Staff must not reproduce other people’s material without attribution. The source of published material obtained from another organisation should be acknowledged including quotes taken from other newspaper articles. Bylines should be carried only on material that is substantially the work of the bylined journalist. If an article contains a significant amount of agency copy then the agency should be credited.

In keeping with both the PCC Code and the Human Rights Act we believe in respecting people’s privacy. We should avoid intrusions into people’s privacy unless there is a clear public interest in doing so. Caution should be exercised about reporting and publishing identifying details, such as street names and numbers, that may enable others to intrude on the privacy or safety of people who have become the subject of media coverage.

In general, we do not publish someone’s race or ethnic background or religion unless that information is pertinent to the story. We do not report the race of criminal suspects unless their ethnic background is part of a description that seeks to identify them or is an important part of the story (for example, if the crime was a hate crime).

Sources promised confidentiality must be protected at all costs. However, where possible, the sources of information should be identified as specifically as possible.

Journalists should generally identify themselves as Guardian employees when working on a story. There may be instances involving stories of exceptional public interest where this does not apply, but this needs the approval of a head of department.

Journalists are asked to exercise particular care in reporting suicide or issues involving suicide, bearing in mind the risk of encouraging others. This should be borne in mind both in presentation, including the use of pictures, and in describing the method of suicide. Any substances should be referred to in general rather than specific terms if possible. When appropriate a helpline number should be given (eg Samaritans 08457 90 90 90). The feelings of relatives should also be carefully considered.

2. Personal behaviour and conflicts of interest
The Guardian values its reputation for independence and integrity. Journalists clearly have lives, interests, hobbies, convictions and beliefs outside their work on the paper. Nothing in the following guidelines is intended to restrict any of that. It is intended to ensure that outside interests do not come into conflict with the life of the paper in a way that either compromises the Guardian’s editorial integrity or falls short of the sort of transparency that our readers would expect. The code is intended to apply to all active outside interests which, should they remain undeclared and become known, would cause a fair-minded reader to question the value of a contribution to the paper by the journalist involved.

These are guidelines rather than one-size-fits-all rules. If you are employed as a columnist — with your views openly on display — you may have more latitude than a staff reporter, who would be expected to bring qualities of objectivity to their work. (The Washington Post’s Code has some sound advice: “Reporters should make every effort to remain in the audience, to stay off the stage, to report the news, not to make the news.”) If in doubt, consult a head of department, the managing or deputy editors, or the editor himself.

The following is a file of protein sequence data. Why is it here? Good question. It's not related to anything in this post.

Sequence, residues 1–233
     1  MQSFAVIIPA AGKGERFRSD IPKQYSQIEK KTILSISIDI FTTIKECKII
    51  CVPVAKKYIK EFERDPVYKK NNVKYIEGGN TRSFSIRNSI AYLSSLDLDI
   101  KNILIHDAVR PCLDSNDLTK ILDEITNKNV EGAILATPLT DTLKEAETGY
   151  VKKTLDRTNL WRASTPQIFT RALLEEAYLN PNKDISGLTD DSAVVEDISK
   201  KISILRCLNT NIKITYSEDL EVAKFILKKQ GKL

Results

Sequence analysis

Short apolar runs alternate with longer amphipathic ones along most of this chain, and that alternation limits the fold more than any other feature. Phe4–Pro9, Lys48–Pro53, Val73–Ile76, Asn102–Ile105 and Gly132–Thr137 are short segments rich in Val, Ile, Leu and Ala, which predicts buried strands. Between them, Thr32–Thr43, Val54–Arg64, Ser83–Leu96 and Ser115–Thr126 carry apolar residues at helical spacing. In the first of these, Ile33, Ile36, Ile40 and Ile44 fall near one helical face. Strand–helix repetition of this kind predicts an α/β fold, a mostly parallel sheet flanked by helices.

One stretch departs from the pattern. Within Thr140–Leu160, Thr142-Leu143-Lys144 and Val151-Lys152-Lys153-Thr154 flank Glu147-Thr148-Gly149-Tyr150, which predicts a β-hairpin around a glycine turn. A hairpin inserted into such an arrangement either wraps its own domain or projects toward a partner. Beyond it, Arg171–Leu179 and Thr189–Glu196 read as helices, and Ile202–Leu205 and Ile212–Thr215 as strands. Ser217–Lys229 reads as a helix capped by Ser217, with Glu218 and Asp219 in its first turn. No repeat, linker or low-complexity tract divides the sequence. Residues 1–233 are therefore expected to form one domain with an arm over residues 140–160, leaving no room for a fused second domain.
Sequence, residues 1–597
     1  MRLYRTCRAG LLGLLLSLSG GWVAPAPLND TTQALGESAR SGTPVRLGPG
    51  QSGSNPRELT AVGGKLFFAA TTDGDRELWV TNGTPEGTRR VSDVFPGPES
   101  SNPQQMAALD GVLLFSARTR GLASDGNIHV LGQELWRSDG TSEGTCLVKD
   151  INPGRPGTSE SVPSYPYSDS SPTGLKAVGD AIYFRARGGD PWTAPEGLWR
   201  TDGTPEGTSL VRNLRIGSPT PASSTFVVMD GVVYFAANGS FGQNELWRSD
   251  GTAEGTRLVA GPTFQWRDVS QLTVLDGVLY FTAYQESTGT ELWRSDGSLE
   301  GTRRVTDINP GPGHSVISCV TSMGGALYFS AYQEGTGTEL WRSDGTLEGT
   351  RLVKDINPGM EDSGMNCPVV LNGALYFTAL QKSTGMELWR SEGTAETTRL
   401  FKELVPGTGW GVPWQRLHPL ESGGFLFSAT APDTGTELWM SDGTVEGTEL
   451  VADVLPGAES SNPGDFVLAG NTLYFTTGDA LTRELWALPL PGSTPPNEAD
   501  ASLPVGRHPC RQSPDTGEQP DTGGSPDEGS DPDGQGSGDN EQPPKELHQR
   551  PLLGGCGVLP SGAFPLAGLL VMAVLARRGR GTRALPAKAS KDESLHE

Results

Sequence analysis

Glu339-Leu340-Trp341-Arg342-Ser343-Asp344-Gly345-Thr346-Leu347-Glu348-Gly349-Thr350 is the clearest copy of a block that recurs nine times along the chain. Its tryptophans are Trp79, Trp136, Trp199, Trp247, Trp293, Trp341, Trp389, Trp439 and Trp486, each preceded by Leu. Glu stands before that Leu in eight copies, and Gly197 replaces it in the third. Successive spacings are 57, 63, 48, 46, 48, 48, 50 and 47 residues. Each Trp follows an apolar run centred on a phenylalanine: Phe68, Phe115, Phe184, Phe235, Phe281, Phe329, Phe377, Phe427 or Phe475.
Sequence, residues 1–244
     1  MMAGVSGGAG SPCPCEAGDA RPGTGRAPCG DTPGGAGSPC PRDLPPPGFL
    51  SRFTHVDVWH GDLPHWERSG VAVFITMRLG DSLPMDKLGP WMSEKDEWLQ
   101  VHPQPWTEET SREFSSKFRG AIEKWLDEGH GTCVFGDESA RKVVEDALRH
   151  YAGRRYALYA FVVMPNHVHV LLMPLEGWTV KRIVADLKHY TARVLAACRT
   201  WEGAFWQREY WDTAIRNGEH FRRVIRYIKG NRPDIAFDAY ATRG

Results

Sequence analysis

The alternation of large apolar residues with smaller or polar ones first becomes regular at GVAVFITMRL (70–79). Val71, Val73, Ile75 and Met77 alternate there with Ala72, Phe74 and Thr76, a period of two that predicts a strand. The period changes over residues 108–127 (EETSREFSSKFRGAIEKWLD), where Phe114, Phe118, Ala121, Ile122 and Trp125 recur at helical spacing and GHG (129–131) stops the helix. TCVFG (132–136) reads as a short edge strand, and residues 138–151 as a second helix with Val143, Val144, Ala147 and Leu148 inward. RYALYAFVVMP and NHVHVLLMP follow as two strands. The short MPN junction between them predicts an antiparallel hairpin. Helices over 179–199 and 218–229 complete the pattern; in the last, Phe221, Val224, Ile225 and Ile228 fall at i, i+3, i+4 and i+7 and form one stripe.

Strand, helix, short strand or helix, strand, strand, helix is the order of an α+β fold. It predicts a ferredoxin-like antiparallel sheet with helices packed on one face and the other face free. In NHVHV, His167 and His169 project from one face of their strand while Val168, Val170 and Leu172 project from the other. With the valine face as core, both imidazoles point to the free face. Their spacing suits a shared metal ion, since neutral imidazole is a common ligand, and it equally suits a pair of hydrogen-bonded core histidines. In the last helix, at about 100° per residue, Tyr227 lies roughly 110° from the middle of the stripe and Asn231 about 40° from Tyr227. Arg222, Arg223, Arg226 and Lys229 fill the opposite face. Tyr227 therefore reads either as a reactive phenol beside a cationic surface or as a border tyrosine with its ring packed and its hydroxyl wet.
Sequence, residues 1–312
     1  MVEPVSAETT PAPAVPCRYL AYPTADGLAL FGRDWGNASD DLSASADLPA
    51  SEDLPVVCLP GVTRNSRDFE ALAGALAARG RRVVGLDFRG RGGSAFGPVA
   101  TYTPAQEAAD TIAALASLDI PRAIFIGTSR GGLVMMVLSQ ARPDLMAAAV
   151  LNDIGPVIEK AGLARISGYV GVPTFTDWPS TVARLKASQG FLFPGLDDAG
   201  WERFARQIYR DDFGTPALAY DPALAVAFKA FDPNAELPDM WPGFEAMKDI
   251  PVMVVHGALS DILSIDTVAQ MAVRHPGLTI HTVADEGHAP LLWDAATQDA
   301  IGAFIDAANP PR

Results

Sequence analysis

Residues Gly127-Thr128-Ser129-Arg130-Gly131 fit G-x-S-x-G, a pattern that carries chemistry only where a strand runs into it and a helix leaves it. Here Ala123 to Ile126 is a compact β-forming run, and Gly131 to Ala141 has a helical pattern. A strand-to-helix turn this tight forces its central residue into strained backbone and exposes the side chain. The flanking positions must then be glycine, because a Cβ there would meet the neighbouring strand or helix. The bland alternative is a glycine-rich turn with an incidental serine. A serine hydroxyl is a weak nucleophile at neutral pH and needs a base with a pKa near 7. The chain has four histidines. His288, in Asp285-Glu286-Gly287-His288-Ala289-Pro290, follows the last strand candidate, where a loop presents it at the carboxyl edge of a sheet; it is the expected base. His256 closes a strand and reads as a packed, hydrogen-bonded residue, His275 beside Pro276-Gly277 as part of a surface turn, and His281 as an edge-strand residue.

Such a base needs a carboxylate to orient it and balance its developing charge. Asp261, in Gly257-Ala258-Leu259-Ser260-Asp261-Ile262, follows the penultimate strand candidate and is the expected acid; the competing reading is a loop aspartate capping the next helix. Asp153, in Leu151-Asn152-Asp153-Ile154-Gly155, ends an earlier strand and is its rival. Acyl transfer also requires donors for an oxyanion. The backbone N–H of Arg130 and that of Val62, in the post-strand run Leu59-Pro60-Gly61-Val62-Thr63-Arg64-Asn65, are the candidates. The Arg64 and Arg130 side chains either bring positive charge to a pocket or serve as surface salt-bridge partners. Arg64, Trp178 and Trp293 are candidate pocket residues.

Commercial products
No Guardian journalist or freelance primarily associated with the Guardian should endorse commercial products unless with the express permission of their head of department or managing editor.

Desk editors with access to personal information relating to other members of staff are required to treat such information as confidential, and not disclose it to anyone except in the course of discharging formal responsibilities.

Conflicts of interest
Guardian staff journalists should be sensitive to the possibility that activities outside work (including holding office or being otherwise actively involved in organisations, companies or political parties) could be perceived as having a bearing on — or as coming into conflict with — the integrity of our journalism. Staff should be transparent about any outside personal, philosophical or financial interests that might conflict with their professional performance of duties at the Guardian, or could be perceived to do so.

Declarations of interest
1. It is always necessary to declare an interest when the journalist is writing about something with which he or she has a significant connection. This applies to both staff journalists and freelances writing for the Guardian. The declaration should be to a head of department or editor during preparation. Full transparency may mean that the declaration should appear in the paper or website as well.

2. A connection does not have to be a formal one before it is necessary to declare it. Acting in an advisory capacity in the preparation of a report for an organisation, for example, would require a declaration every time the journalist wrote an article referring to it.

3. Some connections are obvious and represent the reason why the writer has been asked to contribute to the paper. These should always be stated at the end of the writer’s contribution even if he or she contributes regularly, so long as the writer is writing about his or her area of interest.